So my cousin is in the math team (7th grade) and he was asking me for help on one of his problems but I don't know how to solve

For what positive integer n does $3n^3 + 3n^2 + 4n = n^n$

anyone know how to do this?

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    $\begingroup$ $n=4........................$ $\endgroup$ – Will Jagy Apr 26 '14 at 5:59
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    $\begingroup$ Divide through by $n$, then show $n$ goes into 4 without remainder. $\endgroup$ – Gerry Myerson Apr 26 '14 at 6:02
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    $\begingroup$ $n^n$ grows very rapidly, and the left-hand side is even, so the work is quick. $\endgroup$ – André Nicolas Apr 26 '14 at 6:02
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    $\begingroup$ $4 = n(n^{n-2} - 3n -3 )$, and each side is an integer. $4$ only has $1,2,4$ as factors; $n=1$ and $n=2$ don't work. $\endgroup$ – user139388 Apr 26 '14 at 6:06
  • $\begingroup$ @user139388 You should write that up as an answer; it's an excellent one. $\endgroup$ – Steven Stadnicki Apr 26 '14 at 6:47

This is the solution I mentioned in the comments and was encouraged to put as a full post:

Factor $n$ out of the equation and rearrange to get $$ 4 = n(n^{n-2} - 3n - 3). $$ This is a factorization of $4$ into positive integers. The only positive integer factors of $4$ are $1,2$ and $4$, but $n=1$ and $n=2$ don't work, so $n=4$.


From an algebraic pont of view, you could consider the function: $$f(x)=3x^3 + 3x^2 + 4x- x^x$$ and notice that $f(0)=-1$, $f(1)=9$, $f(2)=40$, $f(3)=93$, $f(4)=0$. For $x \gt 4$, the term $x^x$ is very predominant and $f(x)$ decreases from $0$ to $-\infty$.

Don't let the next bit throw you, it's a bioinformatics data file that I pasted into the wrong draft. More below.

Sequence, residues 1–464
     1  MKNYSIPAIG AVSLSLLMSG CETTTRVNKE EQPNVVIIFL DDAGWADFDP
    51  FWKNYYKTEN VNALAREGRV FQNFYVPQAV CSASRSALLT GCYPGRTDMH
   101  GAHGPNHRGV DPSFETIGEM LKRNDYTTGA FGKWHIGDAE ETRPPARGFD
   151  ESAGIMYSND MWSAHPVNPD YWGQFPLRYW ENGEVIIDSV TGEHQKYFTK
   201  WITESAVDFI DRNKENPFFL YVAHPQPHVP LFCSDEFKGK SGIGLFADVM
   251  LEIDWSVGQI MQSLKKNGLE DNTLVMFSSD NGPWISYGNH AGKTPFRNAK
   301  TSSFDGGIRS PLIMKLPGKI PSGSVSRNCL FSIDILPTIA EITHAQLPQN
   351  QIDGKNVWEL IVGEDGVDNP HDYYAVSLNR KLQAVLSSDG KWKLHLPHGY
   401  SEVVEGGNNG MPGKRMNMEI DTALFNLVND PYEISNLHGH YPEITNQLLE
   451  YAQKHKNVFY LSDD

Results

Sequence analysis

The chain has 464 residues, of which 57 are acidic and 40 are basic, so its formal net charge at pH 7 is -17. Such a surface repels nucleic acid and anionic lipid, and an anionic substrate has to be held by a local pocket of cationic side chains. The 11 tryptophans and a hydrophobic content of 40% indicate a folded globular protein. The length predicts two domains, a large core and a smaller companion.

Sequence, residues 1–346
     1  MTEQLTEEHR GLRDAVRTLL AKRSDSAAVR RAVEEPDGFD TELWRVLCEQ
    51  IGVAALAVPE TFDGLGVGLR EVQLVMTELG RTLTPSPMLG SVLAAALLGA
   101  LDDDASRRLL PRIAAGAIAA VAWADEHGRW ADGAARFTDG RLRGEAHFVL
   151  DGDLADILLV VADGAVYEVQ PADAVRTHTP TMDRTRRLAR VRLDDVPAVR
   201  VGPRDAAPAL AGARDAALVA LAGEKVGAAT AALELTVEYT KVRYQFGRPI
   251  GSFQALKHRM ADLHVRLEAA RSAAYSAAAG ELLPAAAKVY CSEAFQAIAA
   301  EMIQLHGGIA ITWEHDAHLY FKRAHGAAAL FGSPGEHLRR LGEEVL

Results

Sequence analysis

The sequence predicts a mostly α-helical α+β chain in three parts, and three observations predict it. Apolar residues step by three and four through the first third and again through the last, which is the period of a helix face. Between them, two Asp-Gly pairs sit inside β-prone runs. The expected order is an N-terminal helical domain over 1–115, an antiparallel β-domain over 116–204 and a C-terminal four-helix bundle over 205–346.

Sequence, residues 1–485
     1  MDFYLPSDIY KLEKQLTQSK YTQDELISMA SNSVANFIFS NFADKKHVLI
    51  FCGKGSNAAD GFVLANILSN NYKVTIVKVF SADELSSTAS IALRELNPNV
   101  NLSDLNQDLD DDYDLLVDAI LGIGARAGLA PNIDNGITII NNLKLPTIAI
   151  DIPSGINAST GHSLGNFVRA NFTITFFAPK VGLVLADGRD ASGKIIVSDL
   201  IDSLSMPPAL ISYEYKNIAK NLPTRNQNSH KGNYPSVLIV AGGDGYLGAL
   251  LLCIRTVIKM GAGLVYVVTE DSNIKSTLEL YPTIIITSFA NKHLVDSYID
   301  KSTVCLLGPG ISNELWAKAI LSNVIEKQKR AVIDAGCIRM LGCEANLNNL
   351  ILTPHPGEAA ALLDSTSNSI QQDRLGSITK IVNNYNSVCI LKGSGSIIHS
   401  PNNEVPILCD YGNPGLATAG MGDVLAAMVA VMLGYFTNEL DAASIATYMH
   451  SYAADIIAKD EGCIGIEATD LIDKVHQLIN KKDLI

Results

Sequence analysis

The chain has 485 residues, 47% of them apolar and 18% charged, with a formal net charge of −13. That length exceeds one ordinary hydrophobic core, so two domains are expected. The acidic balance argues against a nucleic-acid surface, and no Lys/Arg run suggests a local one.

So, in the integer domain, there is only one solution which is $n=4$. For real solutions, there is another root between $0$ and $1$ (in fact $x=0.162884$).

  • $\begingroup$ Just be precise with the justification, grows very rapidly is not what is expected on a math contest(but does the work as an intuition and hint, like here) $\endgroup$ – chubakueno Apr 26 '14 at 6:17
  • $\begingroup$ @chubakueno. Could you rephrase for me, please ? I would really appreciate. Thanks and cheers. $\endgroup$ – Claude Leibovici Apr 26 '14 at 6:21
  • $\begingroup$ I would suggest the OP proving it with induction. If this was still not covered, divisibility arguments like the one of @user139388 work. Cheers too! $\endgroup$ – chubakueno Apr 26 '14 at 6:26

I would also try the general approach, draw both functions f(x) and g(x) with some graph software (like graph :-) ) and then check the solutions by inserting them into the equations. If the equation is rewritten like the user @user139388 did,then you can see the only positive integer solution is 4.

(I know that the general approach is to advanced for 7th grade,but it tells you what other possible solutions are and nowadays kids have no problems with the use of computers and simple computer programs like graph etc :-)) (below the graph there is a re-arranged equation and one can se that the only positive INTEGER solution is n=4)

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